The Truth Behind Every Objection to Consulting Fees

What if a single, underlying factor drove every objection to consulting fees … and it was one you could address? There is, and you can.

The issue will become clearer when we separate out faux objections that are really clarifications of parameters, not push-back on the consulting fees.

Parameters clarifications—budgets, signing authority, and so forth aren’t challenges to your rates, they’re simply a refined definition of what consulting fee is allowable or feasible.

After setting aside those clarifications, you’re left with honest-to-goodness dissatisfaction with your requested payments. And your prospects’ real objection to your consulting fees boils down to the exact same, underlying issue that drives every single complaint about pretty much everything:

Fairness.

When a client considers whether to accept or reject your fee, he’s evaluating whether he thinks it’s fair for the consulting work you’re proposing.

Fairness is all about comparison. Comparisons to expectations or benchmarks or alternatives.

That’s why clients issue tightly written (often inane) RFPs, and why they ask for hourly rates and day rates—because those are concrete, easy-to-read measures clients can use to compare consultants to each other or internal staff or expectations.

You win the fairness game—and overcome fee objections—by controlling the comparator.

When you determine the basis for your prospects’ comparisons and you directly call out the fairness issue, objections to your cookie consulting fees crumble away.

For instance, when you shift the discussion from fees-for-tasks to fees-for-outcomes, the client’s sense of what’s fair is reconsidered.

To make this even more tactical, next week I’ll share a script that builds on fairness to support premium fees.

Think of an instance when a prospect objected to your fees, and share in the comments whether you think underlying the objection was a fairness issue or not.


Text and images are © 2018 David A. Fields, all rights reserved.

By | 2018-04-11T05:55:10+00:00 April 11th, 2018|16 Comments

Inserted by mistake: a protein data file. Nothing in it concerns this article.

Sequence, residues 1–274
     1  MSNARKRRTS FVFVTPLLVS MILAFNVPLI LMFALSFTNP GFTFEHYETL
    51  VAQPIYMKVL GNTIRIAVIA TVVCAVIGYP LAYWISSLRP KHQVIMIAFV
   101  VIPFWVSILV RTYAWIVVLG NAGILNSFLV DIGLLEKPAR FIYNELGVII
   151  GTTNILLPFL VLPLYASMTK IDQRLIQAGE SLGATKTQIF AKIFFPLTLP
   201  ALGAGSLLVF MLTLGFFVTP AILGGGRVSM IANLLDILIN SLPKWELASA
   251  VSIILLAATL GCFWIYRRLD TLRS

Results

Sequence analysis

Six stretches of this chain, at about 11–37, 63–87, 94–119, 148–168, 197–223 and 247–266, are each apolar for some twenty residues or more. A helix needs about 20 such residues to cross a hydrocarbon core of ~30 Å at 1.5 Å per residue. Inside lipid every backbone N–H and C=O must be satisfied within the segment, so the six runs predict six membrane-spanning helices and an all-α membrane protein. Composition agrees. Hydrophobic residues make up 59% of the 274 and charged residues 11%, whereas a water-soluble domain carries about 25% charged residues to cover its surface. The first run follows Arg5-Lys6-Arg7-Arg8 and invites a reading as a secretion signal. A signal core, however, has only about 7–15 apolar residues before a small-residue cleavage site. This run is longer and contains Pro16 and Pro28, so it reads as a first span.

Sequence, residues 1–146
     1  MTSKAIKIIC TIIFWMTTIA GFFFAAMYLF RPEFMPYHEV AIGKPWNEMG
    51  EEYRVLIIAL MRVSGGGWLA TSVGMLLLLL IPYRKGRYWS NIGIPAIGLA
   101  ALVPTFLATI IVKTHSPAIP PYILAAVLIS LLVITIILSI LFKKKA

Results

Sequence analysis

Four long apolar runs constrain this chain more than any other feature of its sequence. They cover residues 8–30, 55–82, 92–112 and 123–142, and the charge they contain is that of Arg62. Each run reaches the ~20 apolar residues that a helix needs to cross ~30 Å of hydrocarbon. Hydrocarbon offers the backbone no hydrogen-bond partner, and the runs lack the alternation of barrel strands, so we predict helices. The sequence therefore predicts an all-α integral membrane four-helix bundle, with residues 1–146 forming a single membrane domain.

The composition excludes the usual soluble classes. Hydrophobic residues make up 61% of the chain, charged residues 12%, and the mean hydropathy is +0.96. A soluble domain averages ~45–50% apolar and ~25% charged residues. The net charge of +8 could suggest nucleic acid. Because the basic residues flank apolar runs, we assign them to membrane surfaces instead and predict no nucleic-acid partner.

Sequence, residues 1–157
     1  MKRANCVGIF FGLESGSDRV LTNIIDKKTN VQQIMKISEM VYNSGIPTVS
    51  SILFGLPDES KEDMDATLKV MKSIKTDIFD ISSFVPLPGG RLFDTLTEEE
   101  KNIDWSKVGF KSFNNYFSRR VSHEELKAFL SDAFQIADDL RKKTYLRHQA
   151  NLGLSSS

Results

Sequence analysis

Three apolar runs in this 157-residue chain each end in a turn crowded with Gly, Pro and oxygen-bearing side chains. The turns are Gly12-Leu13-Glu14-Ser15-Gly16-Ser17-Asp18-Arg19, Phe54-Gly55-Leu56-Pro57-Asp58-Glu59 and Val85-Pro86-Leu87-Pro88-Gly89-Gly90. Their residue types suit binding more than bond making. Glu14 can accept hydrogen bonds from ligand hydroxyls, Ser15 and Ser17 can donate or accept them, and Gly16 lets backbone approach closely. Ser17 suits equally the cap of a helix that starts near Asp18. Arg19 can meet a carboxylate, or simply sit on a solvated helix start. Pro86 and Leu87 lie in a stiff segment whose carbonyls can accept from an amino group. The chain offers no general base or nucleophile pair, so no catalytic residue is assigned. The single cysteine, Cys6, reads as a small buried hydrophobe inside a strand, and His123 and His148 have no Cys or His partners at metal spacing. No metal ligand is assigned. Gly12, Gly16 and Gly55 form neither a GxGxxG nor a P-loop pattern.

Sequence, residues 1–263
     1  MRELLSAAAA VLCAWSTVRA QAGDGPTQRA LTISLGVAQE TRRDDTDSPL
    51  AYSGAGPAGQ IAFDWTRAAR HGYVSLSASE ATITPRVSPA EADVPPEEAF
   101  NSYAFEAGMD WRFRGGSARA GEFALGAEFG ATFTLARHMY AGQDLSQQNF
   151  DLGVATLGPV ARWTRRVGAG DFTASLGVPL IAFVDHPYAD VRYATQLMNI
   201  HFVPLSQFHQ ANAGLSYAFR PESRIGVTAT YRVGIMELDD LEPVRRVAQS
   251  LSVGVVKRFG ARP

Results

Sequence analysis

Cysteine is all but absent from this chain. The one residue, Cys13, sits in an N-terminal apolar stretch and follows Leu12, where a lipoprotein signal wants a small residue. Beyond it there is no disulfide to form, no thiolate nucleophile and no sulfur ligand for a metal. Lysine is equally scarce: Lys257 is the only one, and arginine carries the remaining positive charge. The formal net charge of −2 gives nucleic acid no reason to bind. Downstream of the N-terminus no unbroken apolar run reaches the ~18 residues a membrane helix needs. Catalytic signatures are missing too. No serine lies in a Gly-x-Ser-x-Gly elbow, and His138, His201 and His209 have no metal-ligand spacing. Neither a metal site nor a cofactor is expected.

16 Comments

  1. Scott April 11, 2018 at 6:22 am - Reply

    Hi David,

    Thanks for you consistently insightful content and your service to the consulting community. As a fortune 100 alumni who now does consulting, it took me a while to understand every engagement is a business case within a business case. It is so easy to assume that the comparables are self evident when from your side of the desk you are offering huge value for the investment. By getting both business cases grounded, the value gets unlocked.

    • David A. Fields April 11, 2018 at 6:35 am - Reply

      You’ve neatly captured one of the primary transitions in thinking everyone has to make when they move from corporate to consulting. That’s why it frequently takes a year for a senior executive from the corporate world to truly understand consulting.

      In corporate, a project is a project–your conversations are about the outcomes (with, perhaps, a bit of thinking about the politics). In consulting, half your conversations are about the outcome, half are about the relationship, half are about ensuring the perceived value is high, and half are about the client’s politics. That’s four halves… no wonder we’re all so busy!

      Thanks for presenting the “business case within a business case” idea, Scott.

  2. Mark April 11, 2018 at 8:26 am - Reply

    Great way to think about a recent rejection to my fee. The company is a startup but is expecting a large contract award in a few months. They objected to my minimum fee, stating that as a startup, it’s not affordable. So my hope is once they are awarded the large contract, it will become affordable. But I now realize I am making an assumption that it’s a budget issue. I never did check to see if it was a fairness issue or really just a budget issue. Great advice! If it is a fairness issue, I need to go back to discuss the value of our service. Given that they have an in-house resource, which they have found to be inadequate (reason for contacting us in the first place), they may be comparing our fee, which is more expensive, to the cost of their in-house resource, and may view our fee to be unfair because it is more. Of course, it should be more because we provide greater value, but they may not understand that and think all consultants are the same and should cost the same.